Service & Food If food and service are your primary criteria for choosing a cruise, here's where Celebrity knocks the socks off Carnival. This is true not so much in the quality of food, because we thought the cuisine in all venues of both ships was quite comparable, even in the extra-cost alternate restaurants.

But the food presentation and service on the Constellation was quite a step up from that on Carnival. The service staff on Constellation, throughout the ship, was noticeably better-trained than their counterparts on Freedom. The service on the Constellation was uniformly professional and friendly. Service on Freedom was friendly enough, and they did try hard, but it seemed to stumble in several areas. One factor that could be a contributor is that Celebrity employs several headwaiters, each responsible for a section of the dining room, whereas Carnival has only one maitre d' in each dining room, plus what they call a Dining Room Host. These dining rooms are simply too large for one person to keep track of what is going on. On our Carnival cruise, we were visited at our table once during the cruise; on Celebrity, a headwaiter stopped by every night to see if we had any problems. Plus he circled his section every evening to assist any waiters who were having difficulties. Problem-solving is much easier if it's dealt with at the time the problem arises.

If we had only done a Carnival cruise, we'd probably have found the service more than acceptable, with a few gitches. But experiencing the service on Celebrity immediately afterwards clearly displayed quite a gap.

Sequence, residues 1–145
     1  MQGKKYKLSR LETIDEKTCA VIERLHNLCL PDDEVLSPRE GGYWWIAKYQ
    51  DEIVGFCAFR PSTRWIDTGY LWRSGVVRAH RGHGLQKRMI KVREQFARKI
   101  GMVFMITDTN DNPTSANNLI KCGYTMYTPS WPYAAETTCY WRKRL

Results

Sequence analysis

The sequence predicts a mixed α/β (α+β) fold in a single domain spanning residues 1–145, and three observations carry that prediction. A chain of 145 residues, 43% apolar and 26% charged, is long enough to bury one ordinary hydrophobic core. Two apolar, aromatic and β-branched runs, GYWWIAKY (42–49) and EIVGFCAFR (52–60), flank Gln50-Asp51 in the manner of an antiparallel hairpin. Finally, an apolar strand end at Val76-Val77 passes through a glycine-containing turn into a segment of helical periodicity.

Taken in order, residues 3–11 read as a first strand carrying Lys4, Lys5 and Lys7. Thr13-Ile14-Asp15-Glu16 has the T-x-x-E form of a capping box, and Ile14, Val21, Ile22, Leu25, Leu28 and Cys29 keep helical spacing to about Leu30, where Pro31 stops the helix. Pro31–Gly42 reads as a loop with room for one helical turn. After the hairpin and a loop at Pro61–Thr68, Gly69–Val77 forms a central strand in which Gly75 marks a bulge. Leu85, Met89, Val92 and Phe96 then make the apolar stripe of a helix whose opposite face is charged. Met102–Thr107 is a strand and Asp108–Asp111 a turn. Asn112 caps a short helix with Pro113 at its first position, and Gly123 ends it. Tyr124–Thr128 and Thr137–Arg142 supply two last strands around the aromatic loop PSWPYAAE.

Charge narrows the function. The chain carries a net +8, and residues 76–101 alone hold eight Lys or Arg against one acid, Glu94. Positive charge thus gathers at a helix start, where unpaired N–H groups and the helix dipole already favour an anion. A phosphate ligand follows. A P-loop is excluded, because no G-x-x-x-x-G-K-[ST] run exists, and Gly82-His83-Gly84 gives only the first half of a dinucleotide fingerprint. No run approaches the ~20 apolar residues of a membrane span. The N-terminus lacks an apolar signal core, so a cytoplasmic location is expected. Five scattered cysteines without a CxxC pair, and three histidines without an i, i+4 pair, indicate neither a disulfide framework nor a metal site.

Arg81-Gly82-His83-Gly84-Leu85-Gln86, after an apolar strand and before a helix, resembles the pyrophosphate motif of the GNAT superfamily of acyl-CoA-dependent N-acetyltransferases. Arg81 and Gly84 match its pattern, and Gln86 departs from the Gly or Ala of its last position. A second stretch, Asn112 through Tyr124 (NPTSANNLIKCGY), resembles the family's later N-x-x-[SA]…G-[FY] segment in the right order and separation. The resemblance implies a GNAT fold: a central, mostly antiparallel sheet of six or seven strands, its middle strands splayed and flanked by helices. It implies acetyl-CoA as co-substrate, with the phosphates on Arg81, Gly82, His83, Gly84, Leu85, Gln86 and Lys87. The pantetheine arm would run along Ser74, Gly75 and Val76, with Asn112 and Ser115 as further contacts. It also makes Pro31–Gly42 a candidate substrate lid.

Both ships offer an extra-charge, upscale alternate restaurant. On Freedom, it's the Sun King Supper Club. On the Constellation, it's Ocean Liners Restaurant. Both venues carry a $30 per person surcharge. The quality of the food was outstanding in both; and the decor in both, though different, offered the upscale atmosphere and ambience of high-end land-based restaurants.

The Sun Viking Supper Club has a duo performing quiet dance music, and a dance floor for guests to enjoy between courses. The Ocean Liners Restaurant has a harpist playing pleasant background music.

To my mind, Ocean Liners stood out more -- not because of the food, but because of the tuxedo-clad staff, the table-side food preparation, and the butterfly service. The Sun King Restaurant offers an excellent dinner, in beautiful and relaxing surroundings, but Ocean Liners distinguishes itself because the combination of staff, service style and food are more about creating a great dining experience rather than simply having a great dinner.

Summing It Up There is certainly a different energy level on a Carnival ship compared to a Celebrity ship. Carnival concentrates on the high-energy fun experience, while Celebrity creates a more refined, relaxing ambience.

This alone might lead one to believe one or the other is not the right cruise line for them. Hopefully this article has shown you more specifically the similarities and differences between the two lines: Each had its areas of strength and weakness when compared to the other. Hopefully the information supplied here can help you decide which ship or cruise line might be best suited to your cruise needs. And possibly we've changed your preconception that one or the other line would not be right for you.